I have spent a lot of time over the years working as a hospice chaplain. It amazes me how many homes I go into where the family has little or no contact with organized religion. It is in those homes, though, where I am able to minister as a chaplain more than I can as a pastor. As a pastor, I am seen as a guardian of a particular denomination. As a chaplain, I come across as less threatening. As a pastor, I am seen as trying to persuade someone to my church. As a chaplain, I am seen as a person truly interested in someone’s spiritual well being. I have also recently read some good pieces of literature relating to hospice, dying and dignity. Let me share two of those with you today.
The first is by Gwendolyn London and is remarkably profound:
“We must realize that dying is a spiritual process with medical implications, not a medical process with spiritual implications.”
The second is a poem by Malcomb Goldsmith, from his book: In A Strange Land: People with Dementia and the Local Church
Blessed are they who understand, my faltering steps and shaking hand
Blessed are they who know my ears today, must strain to catch the words they say
Blessed are they with cheery smile, who stop to chat for a little while
Blessed are those who never say, “You’ve told us that story twice today.”
Blessed are they who make it known, that I’m loved, respected and not alone.
And I would add, blessed are those who reach out to the dying, to bring the love and witness of Jesus Christ one last time to souls who need Him
In past years, I used to use spiritual gift assessment inventories with various congregations to help them discover the talents and gifts God had blessed them with. We would follow this up with studies on how to use those gifts in service to God through the church, community outreach, etc. These last few years, I have hesitated in using such tools. My hesitancy was based on observations that they were being misused by the very people I was hoping to help. It seemed that once a gift was identified, it was hard for people to volunteer to do anything outside their “gift” area. Far from helping them, I felt I had enabled them to become lazy, giving them an excuse to not do anything out of their comfort zone. I do not believe that God only gives people one gift. I believe that many times God calls us to do things we are not gifted or talented in, so that He can show His power through us. A friend of mine argues that instead of creating specialists in the church, we need to focus on making generalists, people who can function in multiple ways. I agree. I believe that a church full of people cross-trained in many different areas will acquire the skills necessary because God will give them what they need to accomplish His purpose. How wonderful to have a church filled with trained pre-school workers, musicians, worship leaders, and grief counselors. How fantastic to have people trained in public speaking, how to develop a sermon or how to teach teen-agers. What a joy it would be to have a church full of people ready and willing to visit the sick, trained in apologetics or capable of leading a prayer meeting.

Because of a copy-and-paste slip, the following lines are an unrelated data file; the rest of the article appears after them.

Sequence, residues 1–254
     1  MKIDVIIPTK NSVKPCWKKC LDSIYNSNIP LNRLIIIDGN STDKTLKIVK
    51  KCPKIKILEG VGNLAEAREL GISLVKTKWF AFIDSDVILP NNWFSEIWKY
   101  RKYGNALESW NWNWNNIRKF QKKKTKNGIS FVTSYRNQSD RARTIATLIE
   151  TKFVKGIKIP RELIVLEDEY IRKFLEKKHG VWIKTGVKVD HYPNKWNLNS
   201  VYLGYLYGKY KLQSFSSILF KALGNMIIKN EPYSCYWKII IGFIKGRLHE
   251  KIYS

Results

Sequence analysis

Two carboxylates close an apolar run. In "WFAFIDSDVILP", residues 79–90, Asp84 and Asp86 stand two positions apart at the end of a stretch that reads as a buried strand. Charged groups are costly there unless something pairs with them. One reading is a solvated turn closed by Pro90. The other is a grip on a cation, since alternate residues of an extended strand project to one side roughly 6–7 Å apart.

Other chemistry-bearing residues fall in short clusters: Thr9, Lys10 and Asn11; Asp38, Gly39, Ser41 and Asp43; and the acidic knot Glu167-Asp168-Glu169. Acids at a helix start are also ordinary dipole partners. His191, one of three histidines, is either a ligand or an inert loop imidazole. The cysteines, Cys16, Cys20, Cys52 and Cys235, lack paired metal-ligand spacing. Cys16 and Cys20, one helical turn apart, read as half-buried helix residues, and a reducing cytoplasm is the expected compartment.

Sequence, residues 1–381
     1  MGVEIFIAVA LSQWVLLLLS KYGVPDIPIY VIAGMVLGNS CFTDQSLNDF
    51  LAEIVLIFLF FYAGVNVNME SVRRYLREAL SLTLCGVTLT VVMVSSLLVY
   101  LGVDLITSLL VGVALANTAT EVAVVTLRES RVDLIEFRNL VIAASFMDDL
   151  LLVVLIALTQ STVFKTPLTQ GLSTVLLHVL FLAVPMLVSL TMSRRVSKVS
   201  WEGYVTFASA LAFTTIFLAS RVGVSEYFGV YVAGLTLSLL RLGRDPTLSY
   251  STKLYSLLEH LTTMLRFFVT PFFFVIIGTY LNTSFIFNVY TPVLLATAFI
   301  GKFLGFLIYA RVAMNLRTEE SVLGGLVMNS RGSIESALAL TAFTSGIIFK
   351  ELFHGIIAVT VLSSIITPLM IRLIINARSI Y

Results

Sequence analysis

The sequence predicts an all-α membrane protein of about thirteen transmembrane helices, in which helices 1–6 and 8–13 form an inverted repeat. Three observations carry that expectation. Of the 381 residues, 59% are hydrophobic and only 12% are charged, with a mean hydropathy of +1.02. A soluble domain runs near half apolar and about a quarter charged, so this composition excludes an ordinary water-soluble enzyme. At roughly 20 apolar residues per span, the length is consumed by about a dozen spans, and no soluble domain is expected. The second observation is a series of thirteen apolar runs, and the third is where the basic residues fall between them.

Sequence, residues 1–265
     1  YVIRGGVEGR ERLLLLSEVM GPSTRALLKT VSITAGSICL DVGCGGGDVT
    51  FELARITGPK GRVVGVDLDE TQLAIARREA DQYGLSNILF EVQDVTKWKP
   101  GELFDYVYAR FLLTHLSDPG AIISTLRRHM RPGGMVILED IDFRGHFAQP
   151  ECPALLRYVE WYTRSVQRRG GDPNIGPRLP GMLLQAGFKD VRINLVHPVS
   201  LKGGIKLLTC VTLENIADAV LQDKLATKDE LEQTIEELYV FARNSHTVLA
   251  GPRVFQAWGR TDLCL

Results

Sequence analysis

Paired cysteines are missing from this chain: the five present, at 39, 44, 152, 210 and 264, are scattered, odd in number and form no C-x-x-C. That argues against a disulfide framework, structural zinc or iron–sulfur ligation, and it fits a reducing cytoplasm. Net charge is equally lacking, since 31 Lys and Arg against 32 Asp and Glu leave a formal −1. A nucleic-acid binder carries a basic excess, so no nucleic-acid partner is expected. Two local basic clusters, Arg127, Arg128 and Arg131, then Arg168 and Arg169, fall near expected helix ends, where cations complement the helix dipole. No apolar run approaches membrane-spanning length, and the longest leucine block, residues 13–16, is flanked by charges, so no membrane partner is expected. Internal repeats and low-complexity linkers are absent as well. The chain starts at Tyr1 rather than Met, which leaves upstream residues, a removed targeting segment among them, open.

Maybe it is just me, but the more I see how spiritual gift inventories and tools are being used, the more I think it is just an outgrowth of our narcissistic society, wanting to know how special we are. Usually, we all know what we are strongest at and weakest in, and using the tools only confirms what we have suspected or known. It would be better to promote cross-training in all areas, so that like the Apostle Paul we can become all things to all men so that by all means we may win some of them to Jesus Christ. Lets go for a broad approach to finding out just how much we can learn to do for Christ, rather than using the spiritual cop-out of, “that’s not my gift.”